Digital literacy, the way that we understand and use our digital devices, is increasingly becoming a bottleneck for women’s mobile phone access and usage, and has been identified by our members as a key area for desired learning. In GSMA Connected Women’s 2019 Gender Gap Study, ‘literacy and skills’ were found to be the second overall barrier to women’s access in low- and middle-income countries, and across Asia, this was the number one barrier. With the prolific rise of digital financial services, those who struggle with digital literacy face further exclusion. How to we understand and address digital literacy issues to ensure we are not exacerbating the gender gap in financial inclusion?
Susan Mgbonga Susan Mgbonga leads the marketing team at Wave Money, coordinating brand communications and execution of company strategy across multiple channels. Prior to joining Wave Money, Susan held several roles in marketing, business development, product innovation and channel management with focus in the areas of mobile banking, mobile payments, agency banking and compute technology across Africa. She is passionate about developing and scaling simple, affordable and locally relevant technology to fast track the development of emerging markets, which lead to her involvement in Shwe Toe, a financial education mobile gaming app. Meaning ‘Grow Gold’ in Myanmar, the app aims to educate women on complex financial concepts in a simple, fun and memorable way.
Brett Matthews Brett Matthews is Founder/Executive Director of My Oral Village, a social enterprise dedicated to bridging the information gap between financial services providers and illiterate or ‘oral’ individuals. In the past 6 years, he has conducted financial numeracy studies among this population across the Pacific, Asia and Africa. He has designed a ‘cash scrollbar’, a financial numeracy indicator for Financial Inclusion Insights (the global digital financial inclusion survey), software solutions including digital games and calculators for the oral market segment, and working- and concept-level development of solutions spanning multiple retail interface types and financial services. After eight years as a manager at a Toronto credit union, Brett became a microfinance consultant in 2000. He has served as a special advisor to CGAP on oral inclusion in DFS, prepared a National Financial Inclusion Strategy for the Central Bank of Solomon Islands, lead numerous project evaluations, and published several papers on numeracy, literacy and financial inclusion: most recently “The heart of abstraction” “Designing for oral financial inclusion,” and “Scaling Mount Zero.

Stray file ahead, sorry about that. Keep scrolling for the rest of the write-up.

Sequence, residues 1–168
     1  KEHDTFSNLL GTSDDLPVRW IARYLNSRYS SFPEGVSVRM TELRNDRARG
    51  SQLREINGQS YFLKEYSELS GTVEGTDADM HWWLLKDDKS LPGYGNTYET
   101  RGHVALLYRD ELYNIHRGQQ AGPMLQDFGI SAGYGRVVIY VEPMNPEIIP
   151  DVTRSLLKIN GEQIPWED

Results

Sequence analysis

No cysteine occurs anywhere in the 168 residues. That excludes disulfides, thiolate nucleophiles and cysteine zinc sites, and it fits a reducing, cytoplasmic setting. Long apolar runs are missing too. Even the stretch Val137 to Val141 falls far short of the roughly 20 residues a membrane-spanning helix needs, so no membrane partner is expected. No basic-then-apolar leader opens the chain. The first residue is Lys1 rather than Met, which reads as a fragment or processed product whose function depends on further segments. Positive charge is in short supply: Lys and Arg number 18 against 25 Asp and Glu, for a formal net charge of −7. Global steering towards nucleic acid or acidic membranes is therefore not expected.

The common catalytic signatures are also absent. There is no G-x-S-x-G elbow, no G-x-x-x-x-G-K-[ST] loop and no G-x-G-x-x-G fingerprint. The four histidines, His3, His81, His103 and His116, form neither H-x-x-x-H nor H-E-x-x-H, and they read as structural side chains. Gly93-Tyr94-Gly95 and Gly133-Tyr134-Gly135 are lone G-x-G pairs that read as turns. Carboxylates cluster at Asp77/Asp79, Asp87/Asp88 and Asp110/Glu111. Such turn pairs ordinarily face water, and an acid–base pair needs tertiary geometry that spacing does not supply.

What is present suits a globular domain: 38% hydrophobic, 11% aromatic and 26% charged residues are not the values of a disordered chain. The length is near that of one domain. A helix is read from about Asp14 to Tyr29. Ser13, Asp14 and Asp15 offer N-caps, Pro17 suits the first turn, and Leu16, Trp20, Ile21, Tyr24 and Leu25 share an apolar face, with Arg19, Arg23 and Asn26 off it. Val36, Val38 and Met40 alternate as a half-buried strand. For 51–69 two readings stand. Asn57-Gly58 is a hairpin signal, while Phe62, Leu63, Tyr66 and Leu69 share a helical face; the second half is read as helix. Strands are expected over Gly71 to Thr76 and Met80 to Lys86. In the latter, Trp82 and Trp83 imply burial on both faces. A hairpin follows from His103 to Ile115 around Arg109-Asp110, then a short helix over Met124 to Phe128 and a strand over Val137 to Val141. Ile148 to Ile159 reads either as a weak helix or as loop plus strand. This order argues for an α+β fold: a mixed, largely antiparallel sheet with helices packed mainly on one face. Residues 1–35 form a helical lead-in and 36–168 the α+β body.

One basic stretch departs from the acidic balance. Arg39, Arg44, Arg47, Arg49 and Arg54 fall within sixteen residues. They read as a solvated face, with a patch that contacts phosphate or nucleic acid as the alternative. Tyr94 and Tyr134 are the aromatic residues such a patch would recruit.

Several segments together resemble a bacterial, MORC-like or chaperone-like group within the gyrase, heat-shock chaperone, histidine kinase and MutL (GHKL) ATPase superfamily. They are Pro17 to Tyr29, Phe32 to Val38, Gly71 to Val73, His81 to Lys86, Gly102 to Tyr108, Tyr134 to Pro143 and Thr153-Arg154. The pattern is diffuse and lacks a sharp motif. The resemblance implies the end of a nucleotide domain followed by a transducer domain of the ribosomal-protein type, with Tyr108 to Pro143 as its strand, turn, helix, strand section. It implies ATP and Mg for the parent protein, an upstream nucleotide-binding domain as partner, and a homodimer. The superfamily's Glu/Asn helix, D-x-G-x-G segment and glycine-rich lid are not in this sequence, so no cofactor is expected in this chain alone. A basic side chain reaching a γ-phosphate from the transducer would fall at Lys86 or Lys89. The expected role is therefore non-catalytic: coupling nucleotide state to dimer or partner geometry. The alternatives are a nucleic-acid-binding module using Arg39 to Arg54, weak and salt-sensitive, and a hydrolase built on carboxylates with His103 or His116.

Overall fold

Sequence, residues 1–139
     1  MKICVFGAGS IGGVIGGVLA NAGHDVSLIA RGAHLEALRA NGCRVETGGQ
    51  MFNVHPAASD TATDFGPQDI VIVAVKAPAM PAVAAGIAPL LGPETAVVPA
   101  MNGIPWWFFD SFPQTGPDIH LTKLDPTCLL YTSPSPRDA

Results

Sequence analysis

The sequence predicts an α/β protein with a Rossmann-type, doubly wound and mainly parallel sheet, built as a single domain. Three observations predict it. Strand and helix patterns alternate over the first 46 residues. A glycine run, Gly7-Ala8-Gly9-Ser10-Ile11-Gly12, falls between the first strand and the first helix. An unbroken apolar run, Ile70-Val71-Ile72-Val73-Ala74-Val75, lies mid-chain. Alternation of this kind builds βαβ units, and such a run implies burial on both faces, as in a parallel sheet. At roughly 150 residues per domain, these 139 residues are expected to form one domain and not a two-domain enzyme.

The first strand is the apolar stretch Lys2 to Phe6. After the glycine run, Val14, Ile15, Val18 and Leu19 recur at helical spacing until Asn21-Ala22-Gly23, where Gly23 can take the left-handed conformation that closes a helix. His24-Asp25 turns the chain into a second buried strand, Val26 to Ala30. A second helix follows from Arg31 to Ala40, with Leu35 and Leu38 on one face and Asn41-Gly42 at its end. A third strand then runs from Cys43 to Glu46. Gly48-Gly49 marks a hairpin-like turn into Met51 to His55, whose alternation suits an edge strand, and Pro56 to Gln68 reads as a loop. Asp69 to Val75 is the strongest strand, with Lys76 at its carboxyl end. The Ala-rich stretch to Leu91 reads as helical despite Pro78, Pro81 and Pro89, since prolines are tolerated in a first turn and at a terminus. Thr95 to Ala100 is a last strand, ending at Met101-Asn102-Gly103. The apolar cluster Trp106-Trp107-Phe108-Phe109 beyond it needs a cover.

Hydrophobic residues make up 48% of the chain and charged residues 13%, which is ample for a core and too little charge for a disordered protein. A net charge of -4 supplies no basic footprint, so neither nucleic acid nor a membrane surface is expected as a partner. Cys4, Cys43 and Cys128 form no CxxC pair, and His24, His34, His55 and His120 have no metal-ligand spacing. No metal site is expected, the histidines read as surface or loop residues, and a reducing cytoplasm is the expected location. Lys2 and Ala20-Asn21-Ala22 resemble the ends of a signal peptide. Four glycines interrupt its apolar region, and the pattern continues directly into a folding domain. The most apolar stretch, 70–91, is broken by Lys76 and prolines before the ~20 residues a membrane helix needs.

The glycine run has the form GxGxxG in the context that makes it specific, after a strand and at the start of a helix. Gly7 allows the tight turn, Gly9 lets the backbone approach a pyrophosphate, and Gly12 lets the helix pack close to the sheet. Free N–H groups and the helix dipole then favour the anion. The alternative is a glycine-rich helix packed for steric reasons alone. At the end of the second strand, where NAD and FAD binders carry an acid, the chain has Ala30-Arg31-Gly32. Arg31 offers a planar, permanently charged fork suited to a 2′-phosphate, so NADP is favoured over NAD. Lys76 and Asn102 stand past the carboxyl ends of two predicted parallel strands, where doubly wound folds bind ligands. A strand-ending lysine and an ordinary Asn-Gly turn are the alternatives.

Moderator: Catherine Highet Catherine Highet leads the technology working group in CGAP's Women's Financial Inclusion CoP at the World Bank Group. Prior to this role, she worked with the GSMA Connected Women program and FHI 360, focusing on digital inclusion activities, including DFS, digital literacy and gender equality. Catherine has also consulted for several digital development partners in the public and private sector including IREX, Mozilla and Souktel.